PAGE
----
The vast majority of people traveling in the US are traveling domestically, not internationally. For that, no test is required. Pretty sure that’s what was being referred to as far as people getting on the plane even if they have Covid. 

1 hour ago, kbutton said:

It is interesting (and alarming) to me that he defines the whole thing by the most vulnerable being protected without factoring in hospital overwhelm.

 

54 minutes ago, kbutton said:

Oops, missed that! The paragraph before that seems misleading in this light.

Yeah, I almost commented that I thought they relied on a couple lousy sources in that article (besides Battachayra, also the person who said Covid is no longer a medical problem 🤨). I think they were aiming for being balanced, but doing that by having people make untrue statements isn’t balance to me. A lot of people reading will take them at their word. As long as we have this many people dying every day (do people who think it’s over realize we have over 2000 Covid deaths a day in the US right now? Almost all of them preventable.) and hospitals overwhelmed so much that people can’t get normal care and some people are dying for lack of a bed, it’s crazy to say we are past the pandemic portion of this.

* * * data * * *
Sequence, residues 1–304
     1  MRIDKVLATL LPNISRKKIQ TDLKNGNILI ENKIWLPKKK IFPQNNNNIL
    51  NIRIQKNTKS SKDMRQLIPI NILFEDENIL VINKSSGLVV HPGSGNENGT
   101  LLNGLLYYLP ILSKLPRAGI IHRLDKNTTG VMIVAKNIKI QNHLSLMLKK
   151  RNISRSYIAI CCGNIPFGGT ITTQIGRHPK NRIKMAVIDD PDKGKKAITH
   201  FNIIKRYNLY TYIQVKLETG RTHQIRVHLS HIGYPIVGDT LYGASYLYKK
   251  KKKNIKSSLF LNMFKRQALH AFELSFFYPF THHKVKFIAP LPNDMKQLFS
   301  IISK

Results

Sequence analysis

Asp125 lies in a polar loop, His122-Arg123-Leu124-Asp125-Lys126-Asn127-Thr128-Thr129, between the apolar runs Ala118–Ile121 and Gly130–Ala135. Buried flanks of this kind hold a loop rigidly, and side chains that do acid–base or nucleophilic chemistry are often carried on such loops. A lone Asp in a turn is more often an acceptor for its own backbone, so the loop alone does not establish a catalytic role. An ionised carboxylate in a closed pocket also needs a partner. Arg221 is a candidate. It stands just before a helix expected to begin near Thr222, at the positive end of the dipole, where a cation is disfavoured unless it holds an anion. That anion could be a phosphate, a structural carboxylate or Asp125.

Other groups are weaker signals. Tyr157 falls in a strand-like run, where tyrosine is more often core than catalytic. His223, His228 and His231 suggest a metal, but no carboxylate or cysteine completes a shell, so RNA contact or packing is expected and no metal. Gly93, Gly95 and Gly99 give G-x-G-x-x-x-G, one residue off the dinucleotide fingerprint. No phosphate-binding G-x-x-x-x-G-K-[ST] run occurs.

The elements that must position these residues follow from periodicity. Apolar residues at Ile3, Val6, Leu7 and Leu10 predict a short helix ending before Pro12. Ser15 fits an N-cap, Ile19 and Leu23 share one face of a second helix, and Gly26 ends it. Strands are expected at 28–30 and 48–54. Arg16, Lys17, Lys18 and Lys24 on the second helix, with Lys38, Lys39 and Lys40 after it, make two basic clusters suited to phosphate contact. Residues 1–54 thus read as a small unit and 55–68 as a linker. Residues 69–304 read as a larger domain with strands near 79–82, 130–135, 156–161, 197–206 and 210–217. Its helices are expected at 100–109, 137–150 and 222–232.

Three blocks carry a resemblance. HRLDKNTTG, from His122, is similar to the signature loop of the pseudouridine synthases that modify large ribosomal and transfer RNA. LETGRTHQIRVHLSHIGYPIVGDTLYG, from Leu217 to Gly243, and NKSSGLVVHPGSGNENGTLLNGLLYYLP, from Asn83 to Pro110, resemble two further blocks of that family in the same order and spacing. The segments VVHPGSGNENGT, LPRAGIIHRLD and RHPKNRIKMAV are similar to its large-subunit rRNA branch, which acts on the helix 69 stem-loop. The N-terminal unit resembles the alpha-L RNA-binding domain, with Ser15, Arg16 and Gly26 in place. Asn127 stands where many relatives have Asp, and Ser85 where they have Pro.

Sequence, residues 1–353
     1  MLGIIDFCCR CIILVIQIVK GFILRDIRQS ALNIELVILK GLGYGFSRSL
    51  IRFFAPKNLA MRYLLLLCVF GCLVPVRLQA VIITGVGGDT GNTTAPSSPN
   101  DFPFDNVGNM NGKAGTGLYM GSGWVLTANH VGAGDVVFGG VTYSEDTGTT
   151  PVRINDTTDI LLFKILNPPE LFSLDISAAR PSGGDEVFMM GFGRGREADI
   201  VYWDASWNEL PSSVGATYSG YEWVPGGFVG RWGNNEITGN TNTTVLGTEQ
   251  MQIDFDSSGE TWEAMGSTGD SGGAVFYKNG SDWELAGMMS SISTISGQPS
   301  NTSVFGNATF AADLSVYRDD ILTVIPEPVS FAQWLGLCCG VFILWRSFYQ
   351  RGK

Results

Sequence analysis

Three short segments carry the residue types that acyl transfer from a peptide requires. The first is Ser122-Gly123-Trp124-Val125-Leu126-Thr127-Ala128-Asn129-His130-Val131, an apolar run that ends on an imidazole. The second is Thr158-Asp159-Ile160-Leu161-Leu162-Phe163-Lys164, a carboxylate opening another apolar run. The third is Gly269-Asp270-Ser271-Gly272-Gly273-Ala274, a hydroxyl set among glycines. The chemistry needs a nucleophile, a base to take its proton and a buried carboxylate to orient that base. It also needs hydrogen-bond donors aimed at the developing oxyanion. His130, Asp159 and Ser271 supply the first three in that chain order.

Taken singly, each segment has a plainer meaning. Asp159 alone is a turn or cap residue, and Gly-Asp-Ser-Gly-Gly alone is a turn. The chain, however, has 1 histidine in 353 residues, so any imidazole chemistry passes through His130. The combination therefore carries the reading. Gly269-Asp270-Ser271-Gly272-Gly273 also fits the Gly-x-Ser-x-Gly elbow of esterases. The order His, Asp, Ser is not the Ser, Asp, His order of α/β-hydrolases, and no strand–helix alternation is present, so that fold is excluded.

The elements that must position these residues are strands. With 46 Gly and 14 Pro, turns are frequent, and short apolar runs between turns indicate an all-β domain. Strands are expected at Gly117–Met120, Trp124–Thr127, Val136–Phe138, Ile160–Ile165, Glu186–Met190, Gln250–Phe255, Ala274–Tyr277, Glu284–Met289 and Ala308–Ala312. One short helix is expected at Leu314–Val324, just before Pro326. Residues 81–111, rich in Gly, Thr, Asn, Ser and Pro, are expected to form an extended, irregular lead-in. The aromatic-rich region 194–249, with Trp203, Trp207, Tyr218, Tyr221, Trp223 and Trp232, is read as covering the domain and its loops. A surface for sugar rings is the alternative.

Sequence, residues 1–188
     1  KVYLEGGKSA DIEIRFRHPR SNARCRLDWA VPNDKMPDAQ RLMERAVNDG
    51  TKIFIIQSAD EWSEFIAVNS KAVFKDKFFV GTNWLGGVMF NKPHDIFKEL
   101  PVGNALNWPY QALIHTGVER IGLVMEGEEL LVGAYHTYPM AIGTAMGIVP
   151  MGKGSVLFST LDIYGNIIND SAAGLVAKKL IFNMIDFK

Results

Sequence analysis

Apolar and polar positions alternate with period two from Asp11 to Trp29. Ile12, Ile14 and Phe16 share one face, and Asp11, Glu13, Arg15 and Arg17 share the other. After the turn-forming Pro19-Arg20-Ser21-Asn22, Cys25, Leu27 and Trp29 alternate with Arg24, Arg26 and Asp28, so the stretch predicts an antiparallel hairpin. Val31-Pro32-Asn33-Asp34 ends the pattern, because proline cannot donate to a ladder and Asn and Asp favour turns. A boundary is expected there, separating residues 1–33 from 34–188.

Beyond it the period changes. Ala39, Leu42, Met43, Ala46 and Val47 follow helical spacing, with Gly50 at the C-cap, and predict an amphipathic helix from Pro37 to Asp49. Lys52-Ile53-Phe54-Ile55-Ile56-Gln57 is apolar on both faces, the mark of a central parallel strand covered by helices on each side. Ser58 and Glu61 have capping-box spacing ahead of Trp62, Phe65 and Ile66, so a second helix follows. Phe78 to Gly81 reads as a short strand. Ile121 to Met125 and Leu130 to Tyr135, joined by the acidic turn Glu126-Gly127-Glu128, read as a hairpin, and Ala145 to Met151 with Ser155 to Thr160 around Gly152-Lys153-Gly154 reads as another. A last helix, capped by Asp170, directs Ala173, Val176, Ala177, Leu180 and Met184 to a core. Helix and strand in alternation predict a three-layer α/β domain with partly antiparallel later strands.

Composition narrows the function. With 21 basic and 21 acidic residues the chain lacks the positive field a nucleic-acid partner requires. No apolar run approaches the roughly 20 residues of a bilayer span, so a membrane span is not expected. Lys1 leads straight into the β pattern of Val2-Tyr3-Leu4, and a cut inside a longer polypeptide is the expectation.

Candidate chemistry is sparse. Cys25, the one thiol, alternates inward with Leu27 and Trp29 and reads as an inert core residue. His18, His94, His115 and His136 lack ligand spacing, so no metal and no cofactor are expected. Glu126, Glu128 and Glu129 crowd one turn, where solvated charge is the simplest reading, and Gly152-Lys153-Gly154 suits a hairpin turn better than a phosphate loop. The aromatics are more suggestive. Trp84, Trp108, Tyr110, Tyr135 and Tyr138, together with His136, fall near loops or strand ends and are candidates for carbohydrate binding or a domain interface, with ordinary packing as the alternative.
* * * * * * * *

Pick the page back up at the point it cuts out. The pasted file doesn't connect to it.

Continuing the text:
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26 minutes ago, KSera said:

This was discussed above as sounding implausible. Certainly there are hospitals around the country treating ivermectin overdoses, but this guy’s story that they are so full of ivermectin overdoses (rather than Covid) that gunshot victims couldn’t be treated rang really untrue. 

The vast majority of people traveling in the US are traveling domestically, not internationally. For that, no test is required. Pretty sure that’s what was being referred to as far as people getting on the plane even if they have Covid.